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February 21, 2001

Research: Causes and Prevention

Question from Anglesey, North Wales:

My three year old son was diagnosed with type 1 diabetes about nine months ago. He was asphyxiated at birth, which led to poor muscle tone, profound deafness, and many other minor health problems. He tends to suffer from almost any ailment going and therefore is constantly ill. Prior to the diagnosis of diabetes, my son had tonsillitis and was very ill for no apparent reason. It took my doctor four weeks to diagnose the diabetes. No one has been able to clarify why my son got diabetes, and there was even a suggestion that diabetes and deafness were linked. Since my son's diagnosis, three other young children were diagnosed after having had tonsillitis. Because my son was always ill, is his immune system was weaker than other children, making him more susceptible to diabetes? Could the diabetes have been caused by the viral infection he had with the tonsillitis? (There is no history of diabetes, deafness or any of his other problems in my family.) I would appreciate any comments, as there is little help or advice from my local diabetes team.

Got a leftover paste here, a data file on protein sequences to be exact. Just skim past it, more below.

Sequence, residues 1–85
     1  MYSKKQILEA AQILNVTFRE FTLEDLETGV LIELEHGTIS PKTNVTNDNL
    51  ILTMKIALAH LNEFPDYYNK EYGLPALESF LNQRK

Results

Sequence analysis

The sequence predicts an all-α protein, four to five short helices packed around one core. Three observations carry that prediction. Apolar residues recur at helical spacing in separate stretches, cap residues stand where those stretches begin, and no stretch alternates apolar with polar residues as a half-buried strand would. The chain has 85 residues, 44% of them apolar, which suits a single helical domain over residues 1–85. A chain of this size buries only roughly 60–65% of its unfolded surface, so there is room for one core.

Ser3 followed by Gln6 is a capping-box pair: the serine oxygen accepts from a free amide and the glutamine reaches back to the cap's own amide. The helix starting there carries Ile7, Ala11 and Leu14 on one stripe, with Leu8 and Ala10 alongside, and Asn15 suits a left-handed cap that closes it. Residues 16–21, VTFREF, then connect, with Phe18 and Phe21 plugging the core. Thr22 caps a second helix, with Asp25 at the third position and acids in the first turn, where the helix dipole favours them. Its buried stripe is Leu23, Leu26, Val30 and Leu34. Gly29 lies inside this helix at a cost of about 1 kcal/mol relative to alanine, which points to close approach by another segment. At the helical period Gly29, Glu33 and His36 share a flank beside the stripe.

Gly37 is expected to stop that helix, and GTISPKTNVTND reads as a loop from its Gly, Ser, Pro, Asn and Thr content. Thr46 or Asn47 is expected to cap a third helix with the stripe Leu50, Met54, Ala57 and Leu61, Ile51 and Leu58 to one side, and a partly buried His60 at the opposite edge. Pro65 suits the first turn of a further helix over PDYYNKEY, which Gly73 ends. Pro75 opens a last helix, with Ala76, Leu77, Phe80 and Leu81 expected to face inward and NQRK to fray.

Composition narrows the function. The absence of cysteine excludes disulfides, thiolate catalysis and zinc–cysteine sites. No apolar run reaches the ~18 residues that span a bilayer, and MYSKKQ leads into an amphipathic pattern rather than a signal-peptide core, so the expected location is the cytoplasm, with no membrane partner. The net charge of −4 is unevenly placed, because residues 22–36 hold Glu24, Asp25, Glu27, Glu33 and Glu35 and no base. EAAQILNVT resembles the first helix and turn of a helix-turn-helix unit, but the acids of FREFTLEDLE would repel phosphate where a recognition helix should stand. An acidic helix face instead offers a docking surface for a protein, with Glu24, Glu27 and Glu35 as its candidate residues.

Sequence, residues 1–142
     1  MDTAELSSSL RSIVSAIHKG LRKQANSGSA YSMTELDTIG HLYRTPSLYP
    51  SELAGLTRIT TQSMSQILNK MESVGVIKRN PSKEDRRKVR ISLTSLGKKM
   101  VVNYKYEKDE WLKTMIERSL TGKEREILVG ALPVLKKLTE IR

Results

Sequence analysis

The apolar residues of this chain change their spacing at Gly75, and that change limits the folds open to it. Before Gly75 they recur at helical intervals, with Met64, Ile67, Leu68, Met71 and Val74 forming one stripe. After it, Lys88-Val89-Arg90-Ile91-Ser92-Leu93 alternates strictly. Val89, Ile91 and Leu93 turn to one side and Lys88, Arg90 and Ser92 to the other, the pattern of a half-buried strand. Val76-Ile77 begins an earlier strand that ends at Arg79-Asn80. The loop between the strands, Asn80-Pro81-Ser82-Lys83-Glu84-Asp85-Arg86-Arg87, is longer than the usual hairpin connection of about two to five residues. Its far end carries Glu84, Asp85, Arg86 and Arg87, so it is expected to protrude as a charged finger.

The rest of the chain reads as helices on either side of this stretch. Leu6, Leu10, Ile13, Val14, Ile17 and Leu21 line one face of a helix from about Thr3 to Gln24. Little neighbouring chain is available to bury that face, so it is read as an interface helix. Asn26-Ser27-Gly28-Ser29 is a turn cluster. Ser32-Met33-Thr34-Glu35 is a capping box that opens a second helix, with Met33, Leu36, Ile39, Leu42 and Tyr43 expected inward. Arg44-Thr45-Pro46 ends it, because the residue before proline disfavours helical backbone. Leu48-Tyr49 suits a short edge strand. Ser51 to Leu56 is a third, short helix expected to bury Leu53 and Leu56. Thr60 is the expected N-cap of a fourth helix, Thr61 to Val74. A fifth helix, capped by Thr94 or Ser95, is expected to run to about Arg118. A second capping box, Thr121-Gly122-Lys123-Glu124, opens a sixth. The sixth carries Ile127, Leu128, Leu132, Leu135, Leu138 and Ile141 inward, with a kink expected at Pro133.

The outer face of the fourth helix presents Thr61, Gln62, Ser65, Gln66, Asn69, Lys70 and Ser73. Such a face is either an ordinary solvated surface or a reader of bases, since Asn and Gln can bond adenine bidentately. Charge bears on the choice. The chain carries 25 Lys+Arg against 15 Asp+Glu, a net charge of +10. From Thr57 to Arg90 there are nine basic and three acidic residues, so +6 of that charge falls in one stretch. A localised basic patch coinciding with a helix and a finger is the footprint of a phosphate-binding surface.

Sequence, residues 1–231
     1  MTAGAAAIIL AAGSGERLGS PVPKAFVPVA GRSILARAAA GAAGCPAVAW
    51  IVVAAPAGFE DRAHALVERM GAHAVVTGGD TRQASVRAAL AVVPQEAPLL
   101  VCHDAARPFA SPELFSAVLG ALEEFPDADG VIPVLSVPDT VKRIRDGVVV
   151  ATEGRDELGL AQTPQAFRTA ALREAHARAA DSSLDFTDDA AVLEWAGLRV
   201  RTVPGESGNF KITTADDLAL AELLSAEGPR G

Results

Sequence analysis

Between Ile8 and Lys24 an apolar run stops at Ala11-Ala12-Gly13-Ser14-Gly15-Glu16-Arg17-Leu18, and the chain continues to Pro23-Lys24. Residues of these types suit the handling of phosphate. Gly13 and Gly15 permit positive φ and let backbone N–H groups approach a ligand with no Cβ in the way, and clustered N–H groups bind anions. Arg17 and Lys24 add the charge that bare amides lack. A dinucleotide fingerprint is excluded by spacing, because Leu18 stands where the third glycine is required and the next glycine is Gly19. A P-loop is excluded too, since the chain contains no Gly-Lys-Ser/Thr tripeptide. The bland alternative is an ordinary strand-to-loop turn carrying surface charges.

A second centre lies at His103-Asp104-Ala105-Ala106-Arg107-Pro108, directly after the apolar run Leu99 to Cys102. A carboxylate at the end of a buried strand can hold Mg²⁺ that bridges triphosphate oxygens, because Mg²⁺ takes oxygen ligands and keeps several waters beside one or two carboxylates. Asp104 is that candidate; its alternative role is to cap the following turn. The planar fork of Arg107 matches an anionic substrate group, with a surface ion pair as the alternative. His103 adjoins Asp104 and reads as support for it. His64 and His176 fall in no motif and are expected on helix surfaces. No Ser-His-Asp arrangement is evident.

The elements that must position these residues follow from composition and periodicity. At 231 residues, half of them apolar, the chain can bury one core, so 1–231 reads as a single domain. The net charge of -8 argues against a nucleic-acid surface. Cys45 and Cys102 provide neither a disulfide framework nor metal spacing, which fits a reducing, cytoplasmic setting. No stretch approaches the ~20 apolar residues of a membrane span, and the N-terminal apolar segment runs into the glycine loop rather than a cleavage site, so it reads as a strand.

It is possible that the tonsillitis precipitated your son’s diabetes although it probably wasn’t the cause. It is most likely that he’s just been unlucky and has common type 1A (autoimmune) diabetes caused by his immune system reacting against the cells in his pancreas that make insulin. The possible link with deafness was probably considered because of the association between congenital rubella, deafness and diabetes. However, your son’s problems are (per your statement) due to birth asphyxia so unconnected.